And I’ve got a fun little book called “What If…? Thought Experiments in Philosophy” or something like that which you might want to check out. The commentary’s not great, but it’s more useful just for reference in order to start discussions concerning the thought experiments and the various paradoxes they bring to light etc.

I felt the same for a moment after making my own posts.

I then decided I like my/our approach better. :wink:

But that’s not to say you couldn’t teach a really great course along the lines envisioned by the OP. It’s just that my own philosophical habits and training don’t really prepare me to say much that’s useful about that.

Moreover, by investigating the wowee-zowee-mindfuck stuff you and I suggested (not to say you would have used that phrase!) what ends up happening is we discover for ourselves what hidden assumptions we’ve been relying on as we live our daily lives–and that really is something like what the OP was after, though it doesn’t sound so romantic when I put it that way.

Completely personal perspective from someone who has tried to learn a little philosophy from books…

I’ve tried several times to start at the very beginning (pre-socratics) and work my way forward through the history of philosophy. Each time, I have found that, after a while, all the distinct ideas seem to blend into philosophical mush. By the time I get to the stuff that really interests me (Hume, Locke, Mill et al) I am philosophied out and give up.

I think I would have done better to start with an interesting modern idea (the trolley problems?) and trace that back through the great thinkers. (rinse and repeat for theories of mind, language etc). From most of the books I have read, I ended up learning more about great thinkers than about the great thoughts.

I think my teenaged-self would have enjoyed it more had I approached it from, to quote the OP, " great philosophical ideals through which western culture makes decisions about our lives?" rather than learning about philosophy as a history of ideas.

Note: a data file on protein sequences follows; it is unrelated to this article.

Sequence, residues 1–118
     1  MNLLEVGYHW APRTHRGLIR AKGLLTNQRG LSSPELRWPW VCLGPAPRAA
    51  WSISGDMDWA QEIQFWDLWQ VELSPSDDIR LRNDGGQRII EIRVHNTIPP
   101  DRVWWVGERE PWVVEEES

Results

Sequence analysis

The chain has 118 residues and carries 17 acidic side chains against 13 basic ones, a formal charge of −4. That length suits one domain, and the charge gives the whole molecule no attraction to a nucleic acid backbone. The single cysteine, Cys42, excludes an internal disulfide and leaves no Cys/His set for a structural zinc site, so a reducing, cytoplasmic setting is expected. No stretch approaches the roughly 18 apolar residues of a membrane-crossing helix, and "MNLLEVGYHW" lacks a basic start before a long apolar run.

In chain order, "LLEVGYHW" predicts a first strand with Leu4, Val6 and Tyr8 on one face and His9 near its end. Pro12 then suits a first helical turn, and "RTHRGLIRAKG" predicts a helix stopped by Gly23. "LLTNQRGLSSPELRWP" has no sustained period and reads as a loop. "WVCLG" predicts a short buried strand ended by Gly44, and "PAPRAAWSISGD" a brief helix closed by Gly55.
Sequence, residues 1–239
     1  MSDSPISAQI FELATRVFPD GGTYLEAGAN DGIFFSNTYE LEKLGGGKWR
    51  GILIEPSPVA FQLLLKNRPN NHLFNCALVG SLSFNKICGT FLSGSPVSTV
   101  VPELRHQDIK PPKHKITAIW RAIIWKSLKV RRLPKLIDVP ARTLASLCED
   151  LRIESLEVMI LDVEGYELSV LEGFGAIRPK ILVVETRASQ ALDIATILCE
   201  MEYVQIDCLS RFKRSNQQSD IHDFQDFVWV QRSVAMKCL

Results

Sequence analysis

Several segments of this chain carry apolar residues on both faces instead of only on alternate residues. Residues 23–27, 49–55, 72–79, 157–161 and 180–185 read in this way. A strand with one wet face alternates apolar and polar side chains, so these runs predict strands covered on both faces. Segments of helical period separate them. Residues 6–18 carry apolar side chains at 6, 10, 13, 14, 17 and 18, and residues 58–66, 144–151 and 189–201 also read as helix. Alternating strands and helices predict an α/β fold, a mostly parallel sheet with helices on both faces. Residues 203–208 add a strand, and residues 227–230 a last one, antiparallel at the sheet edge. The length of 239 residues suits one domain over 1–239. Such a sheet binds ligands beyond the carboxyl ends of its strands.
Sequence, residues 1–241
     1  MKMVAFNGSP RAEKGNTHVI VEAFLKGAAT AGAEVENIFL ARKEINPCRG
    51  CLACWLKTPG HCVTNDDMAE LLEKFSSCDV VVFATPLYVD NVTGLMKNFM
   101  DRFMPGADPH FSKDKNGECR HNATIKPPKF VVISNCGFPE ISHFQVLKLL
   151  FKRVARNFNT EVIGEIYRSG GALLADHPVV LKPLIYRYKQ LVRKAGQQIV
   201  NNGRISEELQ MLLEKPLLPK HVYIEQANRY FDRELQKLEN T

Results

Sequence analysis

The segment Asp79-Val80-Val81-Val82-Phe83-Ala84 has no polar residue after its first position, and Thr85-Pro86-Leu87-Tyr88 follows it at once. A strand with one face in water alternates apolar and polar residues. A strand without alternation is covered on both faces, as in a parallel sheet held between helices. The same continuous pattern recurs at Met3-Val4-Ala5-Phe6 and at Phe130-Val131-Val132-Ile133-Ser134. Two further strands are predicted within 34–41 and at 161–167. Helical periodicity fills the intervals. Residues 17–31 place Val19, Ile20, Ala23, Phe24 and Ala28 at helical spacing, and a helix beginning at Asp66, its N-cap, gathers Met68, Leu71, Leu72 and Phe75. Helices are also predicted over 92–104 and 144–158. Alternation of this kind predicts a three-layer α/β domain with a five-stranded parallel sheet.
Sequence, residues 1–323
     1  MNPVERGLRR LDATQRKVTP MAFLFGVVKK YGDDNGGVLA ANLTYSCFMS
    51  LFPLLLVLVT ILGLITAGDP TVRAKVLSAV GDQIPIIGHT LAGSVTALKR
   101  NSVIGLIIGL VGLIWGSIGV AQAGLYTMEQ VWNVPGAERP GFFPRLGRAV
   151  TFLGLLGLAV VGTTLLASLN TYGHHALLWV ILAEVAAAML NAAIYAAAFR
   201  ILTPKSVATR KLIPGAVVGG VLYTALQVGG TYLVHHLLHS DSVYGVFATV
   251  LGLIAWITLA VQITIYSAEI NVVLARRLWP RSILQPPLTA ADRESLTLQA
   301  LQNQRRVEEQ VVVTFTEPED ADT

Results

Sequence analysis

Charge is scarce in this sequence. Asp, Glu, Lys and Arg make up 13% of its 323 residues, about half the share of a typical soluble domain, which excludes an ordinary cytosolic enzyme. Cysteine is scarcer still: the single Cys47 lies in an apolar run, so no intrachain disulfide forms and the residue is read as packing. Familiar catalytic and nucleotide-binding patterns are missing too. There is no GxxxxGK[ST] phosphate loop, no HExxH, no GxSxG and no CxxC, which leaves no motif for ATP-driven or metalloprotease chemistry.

I teach high school, not university.
In this particular class, many of the students are only functionally literate.
You might be right that I am not the person to teach this class but such is the case in many high school classes. We are not going to get experts in every subject area.
I think asking these questions on the Dope shows that I really want to do a good job. I’m only trying to make these students a little more introspective. It’s a challenge but that’s what I love about my job.

Continuing along my ignorant way, I was surprised by an earlier post stating that most people today aren’t rooted in any philosophy. I can easily see this but when was there ever a time when people lived there lives philosophically and in addition, can’t it be argued that not having a philosophy is a philosophy. Isn’t that nihilism. Does philosophy always have to lead to some sort of enlightenment?

I’m sorry to say that I was thinking the exact same thing. It’s difficult to teach something that you haven’t somewhat mastered, where you’re comfortable with it and can get at it from different angles. Though, the fact that he posted here to ask is a good sign.

oops. I didn’t see this post. If this is the case, I would try to master some very basic concepts and have fun with them. A good way at the issues with the class you have may be through some of the old Greek tragedies, most of which point to very thoughtful philosophical positions. Antigone, by Sophocles, comes to mind, in that it talks about from whence law comes.